Fennel Pork Meatballs
These juicy pork meatballs are every bit good as they are easy to make! They’re filled with simple yet flavorful ingredients like ground pork, fennel, onion, and fresh herbs, then quickly seared until golden brown, all in one pan.
Homemade meatballs are simply the best thing ever. If you’ve made my baked tuna meatballs or maple mustard turkey meatballs – you know exactly what I mean. They’re bite-sized and oh, so easy to pop in the mouth, making them well-suited for lunch, dinner, or even an afternoon snack.
And if you’re a fan of ground pork, I’m confident you’ll be making these pork meatballs often. The fennel, onion, and herbs packed inside the meatballs give exceptional flavor! Plus, they’re simple enough to be served in so many ways. From a nibbly appetizer to a complete meal with sauteed greens, I’ll show you just how great this pork meatball recipe can be!
Pork Meatballs Ingredients
Meatballs typically don’t require many ingredients. But it’s the combination of veggies and herbs that will make or break the recipe. So let’s walk through what you’ll need and how each ingredient impacts the flavor and texture.
- Ground Pork: The bulk of this recipe is ground pork, so make sure to choose good quality ground pork! And compared to other types of meat, pork lends a savory yet slightly sweet balance of flavor.
- Vegetables: Most of the flavor comes from the fennel bulb, which imparts a savory, licorice flavor. Then dice up half an onion for extra flavorful bits!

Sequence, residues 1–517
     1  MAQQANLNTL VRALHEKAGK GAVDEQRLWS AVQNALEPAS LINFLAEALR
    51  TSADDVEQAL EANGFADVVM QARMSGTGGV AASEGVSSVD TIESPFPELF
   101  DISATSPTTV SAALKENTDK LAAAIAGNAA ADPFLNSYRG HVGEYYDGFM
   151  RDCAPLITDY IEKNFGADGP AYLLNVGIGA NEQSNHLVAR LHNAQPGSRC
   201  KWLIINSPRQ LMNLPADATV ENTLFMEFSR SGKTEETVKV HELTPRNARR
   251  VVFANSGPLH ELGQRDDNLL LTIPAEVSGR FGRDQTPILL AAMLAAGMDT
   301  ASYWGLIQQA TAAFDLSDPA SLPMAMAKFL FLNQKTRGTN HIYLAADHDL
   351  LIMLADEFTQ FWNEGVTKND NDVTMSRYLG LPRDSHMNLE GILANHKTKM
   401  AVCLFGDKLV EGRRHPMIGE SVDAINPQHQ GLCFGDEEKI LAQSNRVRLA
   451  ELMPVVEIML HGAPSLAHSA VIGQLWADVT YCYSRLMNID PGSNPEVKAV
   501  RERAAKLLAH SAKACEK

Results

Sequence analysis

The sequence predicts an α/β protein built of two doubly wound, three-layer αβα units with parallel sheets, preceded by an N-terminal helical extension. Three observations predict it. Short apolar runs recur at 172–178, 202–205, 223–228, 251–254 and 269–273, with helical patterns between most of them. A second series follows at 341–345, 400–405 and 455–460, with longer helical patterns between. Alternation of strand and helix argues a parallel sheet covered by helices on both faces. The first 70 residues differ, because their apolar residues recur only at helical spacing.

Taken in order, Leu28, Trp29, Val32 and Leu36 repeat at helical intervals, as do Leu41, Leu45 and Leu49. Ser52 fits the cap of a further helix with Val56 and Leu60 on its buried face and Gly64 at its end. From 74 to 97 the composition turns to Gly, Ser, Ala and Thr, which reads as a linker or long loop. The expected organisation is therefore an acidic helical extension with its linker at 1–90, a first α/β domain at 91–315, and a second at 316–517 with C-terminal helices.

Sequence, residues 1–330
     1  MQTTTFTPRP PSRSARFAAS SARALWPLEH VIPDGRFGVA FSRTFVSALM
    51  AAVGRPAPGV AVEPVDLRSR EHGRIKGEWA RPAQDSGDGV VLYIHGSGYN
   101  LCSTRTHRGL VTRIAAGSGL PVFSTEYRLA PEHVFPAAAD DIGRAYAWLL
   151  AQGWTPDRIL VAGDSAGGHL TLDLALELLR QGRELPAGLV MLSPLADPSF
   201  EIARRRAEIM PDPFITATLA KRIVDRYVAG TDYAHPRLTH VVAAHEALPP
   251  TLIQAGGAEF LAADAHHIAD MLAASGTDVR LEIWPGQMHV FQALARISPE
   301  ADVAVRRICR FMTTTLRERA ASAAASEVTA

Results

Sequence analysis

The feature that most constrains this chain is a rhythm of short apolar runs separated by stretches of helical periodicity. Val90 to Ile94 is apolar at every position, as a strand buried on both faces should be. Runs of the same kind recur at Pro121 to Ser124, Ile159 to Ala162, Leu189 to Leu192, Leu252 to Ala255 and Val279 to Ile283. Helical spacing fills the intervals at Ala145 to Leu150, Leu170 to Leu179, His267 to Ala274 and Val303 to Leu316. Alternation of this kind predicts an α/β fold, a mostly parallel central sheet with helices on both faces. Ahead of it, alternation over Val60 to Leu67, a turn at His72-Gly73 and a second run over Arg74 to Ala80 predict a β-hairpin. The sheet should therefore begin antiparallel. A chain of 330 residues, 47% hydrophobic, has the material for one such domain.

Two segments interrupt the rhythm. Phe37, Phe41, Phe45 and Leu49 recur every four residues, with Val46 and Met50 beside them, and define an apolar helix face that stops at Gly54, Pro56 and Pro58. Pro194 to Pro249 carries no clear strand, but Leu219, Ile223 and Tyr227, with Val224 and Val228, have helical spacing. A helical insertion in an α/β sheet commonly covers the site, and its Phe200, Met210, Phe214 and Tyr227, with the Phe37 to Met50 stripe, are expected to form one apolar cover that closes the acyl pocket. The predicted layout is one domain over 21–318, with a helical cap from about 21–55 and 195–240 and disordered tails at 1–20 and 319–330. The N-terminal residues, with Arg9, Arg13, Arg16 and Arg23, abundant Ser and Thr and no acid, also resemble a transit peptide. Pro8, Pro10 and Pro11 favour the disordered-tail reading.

- Eggs: Since this is a gluten-free meatball, the only binder you need is eggs. But don’t worry, they’ll hold together just fine!
- Herbs & Aromatics: Fennel seeds and fresh parsley add a more profound, herbaceous touch. If you can’t find fennel seeds, just use a bit more fresh fennel or a dash of cumin instead.
Find the printable recipe with measurements below.
How To Make Pork Meatballs
First, cook the veggies. Saute the fennel and onions until softened, then set that pan aside to let them cool.
Second, make the meatball mixture. Mix together the sauteed fennel and onion, pork, eggs, parsley, fennel seed, salt, and pepper in a large bowl.
Roll up the balls. Pro tip – I always use a medium-sized cookie scoop to make evenly shaped meatballs! Then arrange them on a parchment-lined baking sheet.
Sear the meatballs. Wipe the pan you used previously, add some oil, and cook the first batch of meatballs that will fit without overcrowding. They’ll need about 2 to 3 minutes on each side before rotating before moving on to the next batch.
How to Serve Meatballs
A batch of these pork meatballs means endless types of meals! Here are some of my favorite ways to enjoy them.
- Serve as an appetizer: Poke them with toothpicks and serve on a platter with a creamy dipping sauce such as marinara sauce or tzatziki!
- Complete a plate with veggies: Treat this as an entree where you can serve whatever vegetable side dish you want. And if you have leftover fennel and onion, I love to sauté that with garlic spinach for a quick and easy side!
- Add a hearty base: You can serve this over lentils, rice, or a large spoonful of creamy mashed potatoes. But for something a bit lighter, toss the meatballs with basil pesto and top on a bed of fresh zucchini noodles.